• Hackensaw Boys: Charismo; Free Dirt.
• Hayes Carll: Lovers And Leavers; Highway 87/Thirty Tigers.
• Margo Price: Midwest Farmer's Daughter; Third Man.
• Teddy Thompson & Kelly Jones: Little Windows; Cooking Vinyl.

Latest full chart...

Week of Monday, March 28, 2016

Chart placement. ARTIST: Title; Label:

1. TEDESCHI TRUCKS BAND: Let Me Get By; Fantasy/Concord.

2. BONNIE RAITT: Dig In Deep; Red Wing.

3. LUCINDA WILLIAMS: The Ghosts Of Highway 20; Highway 20/Thirty Tigers.

4. PARKER MILLSAP: The Very Last Day; Okrahoma/Thirty Tigers.

5. LORETTA LYNN: Full Circle; Legacy/Sony Music.

6. HAYES CARLL: Lovers And Leavers; Highway 87/Thirty Tigers.

7. CARRIE RODRIGUEZ: Lola Luz; Thirty Tigers.

8. AUBRIE SELLERS: New City Blues; Thirty Tigers.

9. DYLAN LEBLANC: Cautionary Tale; Single Lock/Thirty Tigers.

10. WYNONNA & THE BIG NOISE: Wynonna & The Big Noise; Curb.

11. INFAMOUS STRINGDUSTERS: Ladies & Gentlemen; Compass.

12. CACTUS BLOSSOMS: You're Dreaming; Red House.

13. VARIOUS - THE SONGS OF BLIND WILLIE JOHNSON: God Don't Never Change; Alligator.

14. BUDDY MILLER & FRIENDS: Cayamo Sessions At Sea; New West.

15. RECORD COMPANY: Give It Back To You; Concord.

16. LUTHER DICKINSON: Blues & Ballads; New West.

17. JAMES HUNTER SIX: Hold On!; Daptone.

18. AOIFE O'DONOVAN: Magic Hour; Yep Roc.

19. NATHANIEL RATELIFF AND THE NIGHTSWEATS: Nathaniel Rateliff and The Nightsweats; Stax/Concord.

20. GRANT LEE PHILLIPS: The Narrows; Yep Roc.

21. MARGO PRICE: Midwest Farmer's Daughter; Third Man.

22. MALCOLM HOLCOMBE: Another Black Hole; Proper.

23. ANDERSON EAST: Delilah; Elektra.

24. BIRDS OF CHICAGO: Real Midnight; Independent.

25. SIERRA HULL: Weighted Mind; Rounder/Concord.

26. LUMINEERS: Cleopatra; Dualtone.

27. JOSH RITTER: Sermon On The Rocks; Pytheas Recordings/Thirty Tigers.

28. SARAH BORGES: Good And Dirty; Dry Lightning Records/RED.

29. LARRY KEEL: Experienced Keel; Fish Music.

30. HENRY WAGONS: After What I Did Last Night; Goldview/Metropolitan Groove Merchants.

31. RANDY ROGERS BAND: Nothing Shines Like Neon; Tommy Jackson/Thirty Tigers.

(Debut) 32. TEDDY THOMPSON & KELLY JONES: Little Windows; Cooking Vinyl.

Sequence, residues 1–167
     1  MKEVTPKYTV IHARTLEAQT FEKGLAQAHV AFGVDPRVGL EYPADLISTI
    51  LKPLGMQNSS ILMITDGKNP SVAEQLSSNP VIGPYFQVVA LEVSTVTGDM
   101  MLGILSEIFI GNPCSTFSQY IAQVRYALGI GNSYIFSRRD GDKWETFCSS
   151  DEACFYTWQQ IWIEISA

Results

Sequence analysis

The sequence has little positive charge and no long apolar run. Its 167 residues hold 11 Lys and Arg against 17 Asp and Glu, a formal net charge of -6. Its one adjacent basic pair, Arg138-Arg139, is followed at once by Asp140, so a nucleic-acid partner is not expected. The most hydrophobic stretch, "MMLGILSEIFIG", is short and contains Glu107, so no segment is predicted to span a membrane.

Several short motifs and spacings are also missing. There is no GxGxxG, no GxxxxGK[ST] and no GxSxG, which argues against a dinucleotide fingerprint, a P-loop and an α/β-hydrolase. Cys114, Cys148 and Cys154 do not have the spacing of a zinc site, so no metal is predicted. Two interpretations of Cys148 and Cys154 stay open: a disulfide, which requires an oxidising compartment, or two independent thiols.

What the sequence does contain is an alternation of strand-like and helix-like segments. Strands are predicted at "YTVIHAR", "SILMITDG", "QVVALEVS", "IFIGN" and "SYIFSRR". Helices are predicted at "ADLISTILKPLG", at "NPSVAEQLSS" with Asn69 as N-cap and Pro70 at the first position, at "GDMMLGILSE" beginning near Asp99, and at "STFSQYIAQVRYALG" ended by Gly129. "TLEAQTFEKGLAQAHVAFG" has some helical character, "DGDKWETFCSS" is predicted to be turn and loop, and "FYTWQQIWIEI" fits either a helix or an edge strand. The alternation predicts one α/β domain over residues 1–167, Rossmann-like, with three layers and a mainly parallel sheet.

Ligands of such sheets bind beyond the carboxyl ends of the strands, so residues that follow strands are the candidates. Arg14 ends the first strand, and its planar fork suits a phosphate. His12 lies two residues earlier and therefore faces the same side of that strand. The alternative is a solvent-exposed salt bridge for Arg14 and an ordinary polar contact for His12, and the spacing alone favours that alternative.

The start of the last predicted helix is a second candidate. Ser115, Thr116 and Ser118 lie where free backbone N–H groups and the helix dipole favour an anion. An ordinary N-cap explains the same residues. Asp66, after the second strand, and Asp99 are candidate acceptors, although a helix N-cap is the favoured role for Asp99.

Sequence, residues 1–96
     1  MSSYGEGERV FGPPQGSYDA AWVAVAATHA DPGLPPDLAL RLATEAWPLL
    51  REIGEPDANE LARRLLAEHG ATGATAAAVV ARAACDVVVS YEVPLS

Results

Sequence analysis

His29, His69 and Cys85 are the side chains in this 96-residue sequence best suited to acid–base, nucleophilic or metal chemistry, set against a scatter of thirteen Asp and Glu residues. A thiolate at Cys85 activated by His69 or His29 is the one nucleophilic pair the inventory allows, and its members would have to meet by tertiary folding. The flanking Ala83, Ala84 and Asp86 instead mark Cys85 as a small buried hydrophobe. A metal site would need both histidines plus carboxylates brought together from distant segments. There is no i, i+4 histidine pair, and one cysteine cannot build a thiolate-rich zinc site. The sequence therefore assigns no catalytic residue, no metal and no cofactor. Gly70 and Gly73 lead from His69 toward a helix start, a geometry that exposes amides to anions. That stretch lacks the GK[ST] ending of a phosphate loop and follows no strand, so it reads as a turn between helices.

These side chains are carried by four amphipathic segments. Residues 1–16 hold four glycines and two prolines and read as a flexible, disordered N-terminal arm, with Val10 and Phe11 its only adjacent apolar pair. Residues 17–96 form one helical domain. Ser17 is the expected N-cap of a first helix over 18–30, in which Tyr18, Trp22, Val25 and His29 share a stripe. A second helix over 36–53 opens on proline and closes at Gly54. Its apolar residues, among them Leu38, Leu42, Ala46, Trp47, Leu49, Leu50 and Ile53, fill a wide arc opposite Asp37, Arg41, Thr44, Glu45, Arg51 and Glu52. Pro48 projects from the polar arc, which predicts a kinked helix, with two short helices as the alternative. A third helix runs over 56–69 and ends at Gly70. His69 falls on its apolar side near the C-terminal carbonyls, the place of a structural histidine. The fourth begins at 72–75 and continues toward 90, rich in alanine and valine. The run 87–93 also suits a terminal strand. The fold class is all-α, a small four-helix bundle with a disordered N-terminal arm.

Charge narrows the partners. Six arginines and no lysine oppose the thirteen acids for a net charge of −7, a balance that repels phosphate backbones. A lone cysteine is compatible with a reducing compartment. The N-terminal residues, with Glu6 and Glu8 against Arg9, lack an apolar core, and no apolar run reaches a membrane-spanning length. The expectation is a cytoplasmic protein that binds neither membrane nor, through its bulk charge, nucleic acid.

33. GREEN RIVER ORDINANCE: Fifteen; Residence Music.

34. BOB WOODRUFF: The Year We Tried To Kill The Pain; Steel Derrick.

(Debut) 35. JANIVA MAGNESS: Love Wins Again; Blue Elan Records.

36. SHOVELS & ROPE: Busted Jukebox Volume 1; Shrimp Records/Dualtone.

(Debut) 37. ROOSEVELTS: The Greatest Thing You'll Ever Learn; Independent.

38. TAMI NEILSON: Dynamite!; Outside Music.

39. DORI FREEMAN: Dori Freeman; Free Dirt.

(Debut) 40. SEAN WATKINS: What To Fear; Family Hour/Thirty Tigers.


# 5 news feature...


What do you make of this when you first encounter it? A "Bluegrass Situation" debut-? Attractive charge. "Acid folk project"-? Repelling charge. That name-? Sheeesh.

Nobody, but nobody, names their kid "Lee Harvey" -anything. And this guy, Tom Wilson, picks it for himself. But if you dig, he is known as a member of the Americana trio Blackie & the Rodeo Kings. Jason Isbell lends vocals on Wilson's composition, "Land of The Living," for a forthcoming Blackie & the Rodeo Kings album. So that increases the comfort zone.

All that is stage dressing for Wilson / Osmond's new full-length album "BEAUTIFUL SCARS," released March 25 via Latent Recording and distributed by Megaforce/RED.

As with anything in music, ultimately it comes down to "What's it sound like?"

Well, on March 18, this guy, Wilson, or Osmond — a 2016 Juno Award-nominee for "Contemporary Roots Album of the Year" and an obviously multi-faceted artist — partnered with "The Bluegrass Situation" to premiere the video for the album's single, "Blue Moon Drive."

That can be viewed at:

Now he's getting additional bookings for an already-set tour, with dates ahead in Chicago, Dallas, L.A., Phoenix, and Seattle. (We have the L.A. show info, below.)